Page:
Review: Carriers at War 1939-1945

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Andy H
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Review: Carriers at War 1939-1945

Post by Andy H » 13 Jun 2013 23:54

Carriers at War 1939-1945 by Adrian Stewart, Published by Pen & Sword ISBN9781781591567

The dawn of a new age in naval warfare arrived in the early part of the 20th century when rudimentary aircraft were able to get airborne from vessels such as the USS Birmingham, the French TB tender Foudre, HMS Hibernia, HMS Campania and finally HMS Furious. These names among many chart the child like steps towards the famous aircraft carriers of WW2 that still resonate down the decades-such ships as HMS Ark Royal, USS Lexington, USS Enterprise and finally to the modern day nuclear behemoths operated by the USN.

In this publication the author concentrates on the myriad of combat actions which framed the global naval aspect of WW2, and which saw the previous Queens of the Ocean, the Battleship, usurped and relegated to a supporting role, by the new Queen of the Oceans the Aircraft Carrier.
The various significant naval actions & campaigns in which aircraft carriers played a serious or pivotal role are duly covered. From the earliest days of the war, when the RN’s converted carriers were found wanting, to the daring raid on the Italian fleet in Taranto, ferrying supplies to Malta and fleet actions in the Mediterranean Sea are all covered. From there we move to Pacific where Carrier warfare reached its zenith. Here we visit the well known sea lanes off Pearl Harbour, Midway, Guadalcanal and Leyte Gulf. In tandem to these events the author notes the equally important development of the various aircraft types flown from the carriers. The role of the escort carriers is duly noted and how these vessels helped defeat the German U-Boat menace and partook in numerous support operations worldwide. Brief mention is also made of the hybrid vessel types such as CAM/FCA/MAC’s and their various roles.

All of the above is contained within 10 Chapters (each having Chapter notes), supported by some 16pages of B/W photographs and some 6 maps. The book has a Bibliography that only seems to list secondary sources! I was surprised that both David Hobbs & Peter Smiths excellent books on the British Pacific Fleet (BPF) were absent from the bibliography, and given that that the BPF is discussed in the final chapter, there absence is more worrying.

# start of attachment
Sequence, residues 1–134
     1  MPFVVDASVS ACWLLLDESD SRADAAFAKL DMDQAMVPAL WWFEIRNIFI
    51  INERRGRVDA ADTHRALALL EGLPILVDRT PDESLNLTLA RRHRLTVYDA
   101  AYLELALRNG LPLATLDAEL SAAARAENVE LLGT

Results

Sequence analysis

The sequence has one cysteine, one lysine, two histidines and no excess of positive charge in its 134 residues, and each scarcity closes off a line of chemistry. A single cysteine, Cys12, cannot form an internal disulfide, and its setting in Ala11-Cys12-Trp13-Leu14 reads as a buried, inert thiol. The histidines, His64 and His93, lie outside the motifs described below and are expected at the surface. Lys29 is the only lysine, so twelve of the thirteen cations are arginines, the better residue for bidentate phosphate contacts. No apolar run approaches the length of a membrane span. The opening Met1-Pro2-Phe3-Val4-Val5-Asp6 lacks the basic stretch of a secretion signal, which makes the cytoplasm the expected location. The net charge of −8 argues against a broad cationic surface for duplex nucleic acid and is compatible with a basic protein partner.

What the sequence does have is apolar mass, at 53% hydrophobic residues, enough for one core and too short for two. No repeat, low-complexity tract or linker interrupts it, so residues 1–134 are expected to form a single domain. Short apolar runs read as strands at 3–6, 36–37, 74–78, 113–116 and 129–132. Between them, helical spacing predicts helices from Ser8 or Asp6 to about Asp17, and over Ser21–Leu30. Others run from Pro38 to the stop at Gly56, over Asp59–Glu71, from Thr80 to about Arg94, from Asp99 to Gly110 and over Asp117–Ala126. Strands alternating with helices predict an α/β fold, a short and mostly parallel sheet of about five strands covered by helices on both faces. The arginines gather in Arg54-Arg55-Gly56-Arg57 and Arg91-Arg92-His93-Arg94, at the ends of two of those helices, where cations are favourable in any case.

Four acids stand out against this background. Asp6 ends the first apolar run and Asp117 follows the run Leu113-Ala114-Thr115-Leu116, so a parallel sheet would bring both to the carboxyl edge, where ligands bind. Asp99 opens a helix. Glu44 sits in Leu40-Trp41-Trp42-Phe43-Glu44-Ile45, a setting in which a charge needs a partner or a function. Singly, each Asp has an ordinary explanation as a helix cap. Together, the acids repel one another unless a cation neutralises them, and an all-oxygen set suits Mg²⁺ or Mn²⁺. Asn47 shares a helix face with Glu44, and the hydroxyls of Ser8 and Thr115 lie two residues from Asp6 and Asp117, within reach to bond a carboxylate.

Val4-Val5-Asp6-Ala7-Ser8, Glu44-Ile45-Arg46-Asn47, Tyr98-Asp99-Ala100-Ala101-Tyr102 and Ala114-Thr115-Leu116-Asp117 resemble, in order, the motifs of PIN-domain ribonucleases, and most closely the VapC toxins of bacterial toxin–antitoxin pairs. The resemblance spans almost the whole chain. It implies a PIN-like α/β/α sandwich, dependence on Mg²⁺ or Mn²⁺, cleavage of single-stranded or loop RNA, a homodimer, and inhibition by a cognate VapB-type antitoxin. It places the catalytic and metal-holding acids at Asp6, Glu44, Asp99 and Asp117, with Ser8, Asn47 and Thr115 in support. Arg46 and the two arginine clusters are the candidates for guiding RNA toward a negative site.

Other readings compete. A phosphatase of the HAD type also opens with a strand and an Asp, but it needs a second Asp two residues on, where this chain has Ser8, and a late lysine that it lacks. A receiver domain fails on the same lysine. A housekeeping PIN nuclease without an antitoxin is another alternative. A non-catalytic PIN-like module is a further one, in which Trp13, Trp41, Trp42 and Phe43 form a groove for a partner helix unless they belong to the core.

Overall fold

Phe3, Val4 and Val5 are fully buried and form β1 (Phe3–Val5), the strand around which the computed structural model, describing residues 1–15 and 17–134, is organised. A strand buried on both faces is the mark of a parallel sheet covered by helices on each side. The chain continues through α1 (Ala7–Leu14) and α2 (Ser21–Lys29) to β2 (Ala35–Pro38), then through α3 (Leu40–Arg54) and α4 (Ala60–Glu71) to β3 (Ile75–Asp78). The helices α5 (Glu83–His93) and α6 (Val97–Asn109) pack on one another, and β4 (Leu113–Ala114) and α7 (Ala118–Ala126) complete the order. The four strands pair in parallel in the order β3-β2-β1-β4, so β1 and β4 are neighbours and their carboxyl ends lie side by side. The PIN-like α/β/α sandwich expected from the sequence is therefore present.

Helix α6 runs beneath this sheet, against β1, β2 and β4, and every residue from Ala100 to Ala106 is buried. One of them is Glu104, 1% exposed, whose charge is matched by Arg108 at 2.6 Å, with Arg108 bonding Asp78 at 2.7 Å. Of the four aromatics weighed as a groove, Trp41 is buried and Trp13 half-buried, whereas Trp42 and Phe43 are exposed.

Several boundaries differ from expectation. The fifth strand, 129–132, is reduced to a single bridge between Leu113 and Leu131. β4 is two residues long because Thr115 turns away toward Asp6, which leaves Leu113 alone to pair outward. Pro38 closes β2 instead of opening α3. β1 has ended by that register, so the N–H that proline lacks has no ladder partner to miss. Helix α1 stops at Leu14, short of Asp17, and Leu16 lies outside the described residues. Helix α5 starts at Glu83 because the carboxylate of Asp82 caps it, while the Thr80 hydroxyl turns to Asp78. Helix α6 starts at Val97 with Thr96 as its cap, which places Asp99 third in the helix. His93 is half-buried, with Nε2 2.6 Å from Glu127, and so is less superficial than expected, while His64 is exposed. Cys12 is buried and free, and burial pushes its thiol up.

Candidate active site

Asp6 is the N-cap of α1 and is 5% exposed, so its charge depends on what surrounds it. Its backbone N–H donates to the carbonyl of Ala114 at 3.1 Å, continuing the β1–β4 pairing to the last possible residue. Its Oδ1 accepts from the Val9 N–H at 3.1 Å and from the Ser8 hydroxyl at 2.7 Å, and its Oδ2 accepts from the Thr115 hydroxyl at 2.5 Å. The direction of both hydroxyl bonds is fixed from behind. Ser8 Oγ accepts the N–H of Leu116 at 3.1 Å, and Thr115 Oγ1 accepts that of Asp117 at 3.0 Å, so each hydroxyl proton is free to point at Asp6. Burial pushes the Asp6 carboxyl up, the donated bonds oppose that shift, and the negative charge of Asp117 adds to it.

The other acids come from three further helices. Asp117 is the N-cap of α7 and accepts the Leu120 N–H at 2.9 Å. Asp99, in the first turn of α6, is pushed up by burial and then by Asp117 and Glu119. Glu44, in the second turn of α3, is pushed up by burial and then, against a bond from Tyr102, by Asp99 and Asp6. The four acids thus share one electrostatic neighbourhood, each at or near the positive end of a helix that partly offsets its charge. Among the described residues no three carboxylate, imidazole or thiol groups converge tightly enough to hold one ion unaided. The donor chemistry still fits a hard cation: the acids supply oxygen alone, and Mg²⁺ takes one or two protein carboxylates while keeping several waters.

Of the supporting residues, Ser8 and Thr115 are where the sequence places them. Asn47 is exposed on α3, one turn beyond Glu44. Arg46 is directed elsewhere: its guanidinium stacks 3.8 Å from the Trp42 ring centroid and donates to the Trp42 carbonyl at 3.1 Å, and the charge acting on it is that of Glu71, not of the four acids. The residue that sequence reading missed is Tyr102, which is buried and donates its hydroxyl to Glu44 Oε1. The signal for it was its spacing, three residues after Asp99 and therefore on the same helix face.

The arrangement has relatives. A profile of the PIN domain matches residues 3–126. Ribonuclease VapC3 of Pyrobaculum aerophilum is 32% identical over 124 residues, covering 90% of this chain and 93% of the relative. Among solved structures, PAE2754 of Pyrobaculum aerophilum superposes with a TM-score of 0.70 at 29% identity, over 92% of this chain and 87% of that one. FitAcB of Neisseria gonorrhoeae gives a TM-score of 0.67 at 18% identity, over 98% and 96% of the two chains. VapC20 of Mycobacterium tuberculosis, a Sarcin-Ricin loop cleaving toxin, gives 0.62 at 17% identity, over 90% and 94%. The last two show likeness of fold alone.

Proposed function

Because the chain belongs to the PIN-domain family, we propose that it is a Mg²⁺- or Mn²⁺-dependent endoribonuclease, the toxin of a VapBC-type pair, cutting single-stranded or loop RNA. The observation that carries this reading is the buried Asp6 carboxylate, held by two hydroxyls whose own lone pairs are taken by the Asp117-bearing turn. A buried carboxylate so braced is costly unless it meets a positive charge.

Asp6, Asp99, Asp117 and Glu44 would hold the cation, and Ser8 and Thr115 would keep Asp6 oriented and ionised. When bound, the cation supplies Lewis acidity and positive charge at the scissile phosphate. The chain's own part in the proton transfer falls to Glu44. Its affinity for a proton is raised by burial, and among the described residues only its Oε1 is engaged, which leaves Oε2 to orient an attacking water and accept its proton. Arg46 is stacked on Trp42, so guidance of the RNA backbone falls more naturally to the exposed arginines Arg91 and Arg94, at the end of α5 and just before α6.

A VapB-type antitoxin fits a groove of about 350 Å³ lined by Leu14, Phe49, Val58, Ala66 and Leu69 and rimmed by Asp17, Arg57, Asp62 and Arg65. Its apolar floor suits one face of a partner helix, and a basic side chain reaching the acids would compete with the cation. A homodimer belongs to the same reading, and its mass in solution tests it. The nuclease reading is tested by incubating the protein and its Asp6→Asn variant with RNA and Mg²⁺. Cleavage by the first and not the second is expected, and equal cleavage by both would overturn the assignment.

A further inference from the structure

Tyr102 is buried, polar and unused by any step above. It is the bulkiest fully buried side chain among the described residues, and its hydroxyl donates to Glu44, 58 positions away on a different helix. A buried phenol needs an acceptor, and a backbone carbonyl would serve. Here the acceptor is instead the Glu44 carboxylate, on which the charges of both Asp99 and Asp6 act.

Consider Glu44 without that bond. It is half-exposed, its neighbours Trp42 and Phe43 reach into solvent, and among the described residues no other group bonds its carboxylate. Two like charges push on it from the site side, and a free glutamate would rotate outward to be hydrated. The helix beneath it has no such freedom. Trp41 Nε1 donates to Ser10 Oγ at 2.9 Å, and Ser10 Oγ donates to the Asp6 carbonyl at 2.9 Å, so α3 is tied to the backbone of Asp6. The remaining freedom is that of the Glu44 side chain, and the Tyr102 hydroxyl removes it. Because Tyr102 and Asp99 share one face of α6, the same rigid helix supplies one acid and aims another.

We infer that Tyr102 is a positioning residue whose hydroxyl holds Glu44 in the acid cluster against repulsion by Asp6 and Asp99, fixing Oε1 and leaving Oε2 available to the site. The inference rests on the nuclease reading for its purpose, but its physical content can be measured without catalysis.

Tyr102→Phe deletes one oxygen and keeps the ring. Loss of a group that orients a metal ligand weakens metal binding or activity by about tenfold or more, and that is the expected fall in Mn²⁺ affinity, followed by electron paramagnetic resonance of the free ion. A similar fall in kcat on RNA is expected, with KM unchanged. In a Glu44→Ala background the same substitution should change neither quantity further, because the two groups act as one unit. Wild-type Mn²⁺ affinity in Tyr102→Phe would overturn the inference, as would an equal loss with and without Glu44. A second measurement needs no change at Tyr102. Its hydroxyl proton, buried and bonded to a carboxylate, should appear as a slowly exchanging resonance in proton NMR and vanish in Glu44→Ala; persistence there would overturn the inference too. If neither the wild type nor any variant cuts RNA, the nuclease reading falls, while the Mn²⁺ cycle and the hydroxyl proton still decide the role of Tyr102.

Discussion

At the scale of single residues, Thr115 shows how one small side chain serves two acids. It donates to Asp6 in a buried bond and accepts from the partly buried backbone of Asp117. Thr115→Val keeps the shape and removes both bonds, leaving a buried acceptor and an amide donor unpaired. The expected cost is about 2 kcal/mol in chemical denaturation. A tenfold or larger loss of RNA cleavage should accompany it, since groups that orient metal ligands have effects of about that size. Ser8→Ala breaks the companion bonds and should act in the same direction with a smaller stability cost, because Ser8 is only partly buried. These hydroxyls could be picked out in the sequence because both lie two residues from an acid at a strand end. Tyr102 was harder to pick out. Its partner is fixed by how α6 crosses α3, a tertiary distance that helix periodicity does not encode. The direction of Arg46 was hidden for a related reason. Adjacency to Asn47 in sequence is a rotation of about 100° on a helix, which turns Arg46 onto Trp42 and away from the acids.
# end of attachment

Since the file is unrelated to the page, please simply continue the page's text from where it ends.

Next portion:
I think the author has produced a true workman like history, which covers the wide expanse of the aircraft carriers role in WW2. However I was left feeling decidedly flat about this history of flat-tops, as it doesn’t have the size to go beyond the broad details of the various actions described. The author has himself produced some singularly good books on the battles of Leyte Gulf & Guadalcanal in the past, with the detail sadly missing in this.

This book would be a good introduction for those with little or no knowledge of the subject matter, but outside of this bracket I would caution purchasing it!

3 stars (average)
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Re: Review: Carriers at War 1939-1945

Post by mescal » 17 Jun 2013 13:34

I saw this book appear in my amazon recommendations ...
The first thing I checked was the number of pages ... and 224 pages seems far to few pages to tackle "carriers at war".

You review seems to confirm what I thought.

Just one question :
Is there anything in the book which deals with the carrier warfaer doctrines of the different carrier navies (and with their evolution from 39 to 45) ?
Olivier

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Re: Review: Carriers at War 1939-1945

Post by OpanaPointer » 17 Jun 2013 13:44

Can you recommend a volume (or volumes) for the serious student of bird farms?
Come visit our sites:
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Re: Review: Carriers at War 1939-1945

Post by Andy H » 17 Jun 2013 14:26

mescal wrote:I saw this book appear in my amazon recommendations ...
The first thing I checked was the number of pages ... and 224 pages seems far to few pages to tackle "carriers at war".

You review seems to confirm what I thought.

Just one question :
Is there anything in the book which deals with the carrier warfaer doctrines of the different carrier navies (and with their evolution from 39 to 45) ?
H Mescal

No is the simple answer.
As we've both noted the sheer scale of Carrier warfare during WW2 can't be truly reflected or discussed in a book of this size. This isn't the authors fault as he has to work within the publishers confines, and the author has used that space to tell his general story to its maximum. As I said if you dont know anything about WW2 A/C ops then this book is for you, if you know more than that then I would pass it over.

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Andy H

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Re: Review: Carriers at War 1939-1945

Post by Andy H » 17 Jun 2013 14:33

OpanaPointer wrote:Can you recommend a volume (or volumes) for the serious student of bird farms?
Hi

Its hard to look past the works of Friedman when it comes to US Carriers, though others such as Tillman, Reynolds and a whole host of others have done fantastic works based on specific ships or battles. Brown & Hobbs have done great stuff on the RN carriers but I'll have to bow to ignorance about a good author on IJN carriers.

Regards

Andy H

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